Thursday, February 20, 2014

2014 Fly Swap: Hope's Carp Damsel Variant

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Tier: Adam Hope
About:  "This fly is just one of the countless variations of my “Carp Damsel” that I carry at all times. This version incorporates different materials but the lack of a material is its main feature, no rubber legs.

The fine rubber legs on my original version act like an umbrella underwater. Once the fly breaks the surface, water tension forces the limp legs to extend outwards creating more surface area which slows the decent of the already weightless fly to a state approaching neutral buoyancy. This is great for cruising fish within the column but what about that tailing fish kicking up a ruckus out there in eight feet of water?

On my home water when the fish are feeding heavily and keying in on benthic macro-invertebrates they tend to move rather quickly from location to location. The fish will create a quick but violent disturbance in the detritus then circle out and around the plume of falling debris in search of prey items that may have been dislodged. For me personally, this scenario calls for a slightly modified version of the same fly. By removing the rubber legs and adding a solid vinyl abdomen the fly sinks about an inch per second faster than my original. This doesn’t seem like much but you need to realize that I don’t apply any action to my fly at all. I place my fly very high in the water column at calculated distance based on speed of the fish vs. depth vs. sink rate of the fly. That’s it. I just let the fly sink to the bottom. Success is 100% dependent on the fish first seeing the fly as it slowly sinks within the column. The eat will usually occur before the fly reaches the bottom. Carp know how fast damsel and dragonfly nymphs can move when their life is on the line. An unpressured fish will typically change direction and come in hot to take the fly on the drop but for those like me who fish the same bodies of water repeatedly for months on end you’ll find that a super long lead will help increase your chances when fishing for more educated fish. This can, however, be water clarity dependent. The waters I fish are quite clear and I’m able to allow my fly to begin sinking at distances that some would think are a bit extreme. Even if the fly hits bottom over fifteen feet from the fish, the fish knows exactly where it landed and if curious it will meander over to the spot for a closer look. At this point all you can do is take a deep breath and hope the fish commits. Making an educated fish eat a fly off the bottom reduces the fish’s ability to visually scrutinize every aspect of the fly while at the same time reducing the risk of your tippet coming in contact with the fishes’ body."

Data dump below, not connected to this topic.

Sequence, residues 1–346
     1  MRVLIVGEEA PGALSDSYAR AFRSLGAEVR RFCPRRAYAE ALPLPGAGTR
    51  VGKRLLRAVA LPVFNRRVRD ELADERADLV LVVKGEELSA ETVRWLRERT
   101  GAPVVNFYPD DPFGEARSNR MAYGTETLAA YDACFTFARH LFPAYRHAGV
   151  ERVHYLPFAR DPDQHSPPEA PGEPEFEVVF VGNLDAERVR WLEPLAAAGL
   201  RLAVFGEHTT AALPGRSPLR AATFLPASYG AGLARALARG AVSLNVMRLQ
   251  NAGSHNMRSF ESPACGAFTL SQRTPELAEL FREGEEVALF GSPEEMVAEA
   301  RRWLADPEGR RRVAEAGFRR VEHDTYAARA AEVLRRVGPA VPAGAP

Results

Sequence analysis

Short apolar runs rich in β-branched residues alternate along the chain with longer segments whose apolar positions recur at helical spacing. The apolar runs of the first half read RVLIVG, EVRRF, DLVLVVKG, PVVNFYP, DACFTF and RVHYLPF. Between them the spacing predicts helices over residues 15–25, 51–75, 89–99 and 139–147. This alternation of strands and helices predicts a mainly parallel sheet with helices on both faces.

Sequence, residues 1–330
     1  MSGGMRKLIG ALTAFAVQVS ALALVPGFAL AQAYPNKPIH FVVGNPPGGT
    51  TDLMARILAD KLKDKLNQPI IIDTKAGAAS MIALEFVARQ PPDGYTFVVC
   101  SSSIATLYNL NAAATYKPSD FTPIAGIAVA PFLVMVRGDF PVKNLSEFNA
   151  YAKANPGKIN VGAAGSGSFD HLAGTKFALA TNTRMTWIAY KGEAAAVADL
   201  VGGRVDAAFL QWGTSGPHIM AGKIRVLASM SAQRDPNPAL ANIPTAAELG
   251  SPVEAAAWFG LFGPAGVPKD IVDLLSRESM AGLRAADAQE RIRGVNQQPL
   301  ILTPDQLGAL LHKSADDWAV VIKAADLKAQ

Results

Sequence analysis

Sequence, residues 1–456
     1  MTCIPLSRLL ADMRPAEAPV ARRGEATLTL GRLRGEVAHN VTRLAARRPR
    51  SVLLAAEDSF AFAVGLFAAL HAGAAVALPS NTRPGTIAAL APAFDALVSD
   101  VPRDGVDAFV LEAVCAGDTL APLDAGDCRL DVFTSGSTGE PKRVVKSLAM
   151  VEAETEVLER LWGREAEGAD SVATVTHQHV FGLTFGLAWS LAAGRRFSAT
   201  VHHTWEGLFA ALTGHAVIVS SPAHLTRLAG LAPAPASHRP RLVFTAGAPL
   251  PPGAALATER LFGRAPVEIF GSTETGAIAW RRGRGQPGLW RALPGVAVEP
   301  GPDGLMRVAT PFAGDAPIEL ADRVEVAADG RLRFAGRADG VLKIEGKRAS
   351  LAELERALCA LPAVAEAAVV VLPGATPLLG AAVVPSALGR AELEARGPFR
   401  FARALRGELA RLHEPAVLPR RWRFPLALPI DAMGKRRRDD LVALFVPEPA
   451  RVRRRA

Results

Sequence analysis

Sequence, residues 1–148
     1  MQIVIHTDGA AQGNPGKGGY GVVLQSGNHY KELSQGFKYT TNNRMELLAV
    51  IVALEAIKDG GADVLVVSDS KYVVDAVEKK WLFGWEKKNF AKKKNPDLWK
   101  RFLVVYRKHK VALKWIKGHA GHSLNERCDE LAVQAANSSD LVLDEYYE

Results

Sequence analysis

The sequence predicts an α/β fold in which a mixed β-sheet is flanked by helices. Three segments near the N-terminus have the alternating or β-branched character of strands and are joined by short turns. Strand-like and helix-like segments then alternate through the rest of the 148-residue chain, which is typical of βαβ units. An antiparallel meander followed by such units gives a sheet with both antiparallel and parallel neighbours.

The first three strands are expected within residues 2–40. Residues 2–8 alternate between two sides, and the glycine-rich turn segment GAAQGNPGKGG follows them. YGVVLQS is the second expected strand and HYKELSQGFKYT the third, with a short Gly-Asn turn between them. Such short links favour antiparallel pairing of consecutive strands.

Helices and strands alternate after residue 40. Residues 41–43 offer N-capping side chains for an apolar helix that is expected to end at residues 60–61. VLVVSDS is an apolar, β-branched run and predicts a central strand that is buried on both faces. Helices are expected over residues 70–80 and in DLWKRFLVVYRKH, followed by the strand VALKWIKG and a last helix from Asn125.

Notes: Adam Hope is one of the preeminent carp flyfishermen on the water today. He's a CarpPro Prostaffer, Catch fly designer and flyfishing wildman. He's currently on a steelhead bender that includes an epic two hours in which he landed eight fish, but don't hold that against him. 
Recipe:
  • Hook: Heavy Wire Curved Nymph Hook, #8
  • Tail: Rabbit fur, olive
  • Abdomen: Vinyl rib, olive 
  • Wing Case: Scud back 1/8”, dark olive 
  • Head/Thorax: Cohen's carp dub, rainforest green
    • - Rubber component removed, spun tight in a dubbing loop then preened, picked, and brushed before tying in. 
  • Collar: Schlappen, olive barred
  • Eyes: Medium mono nymph eyes, pale green



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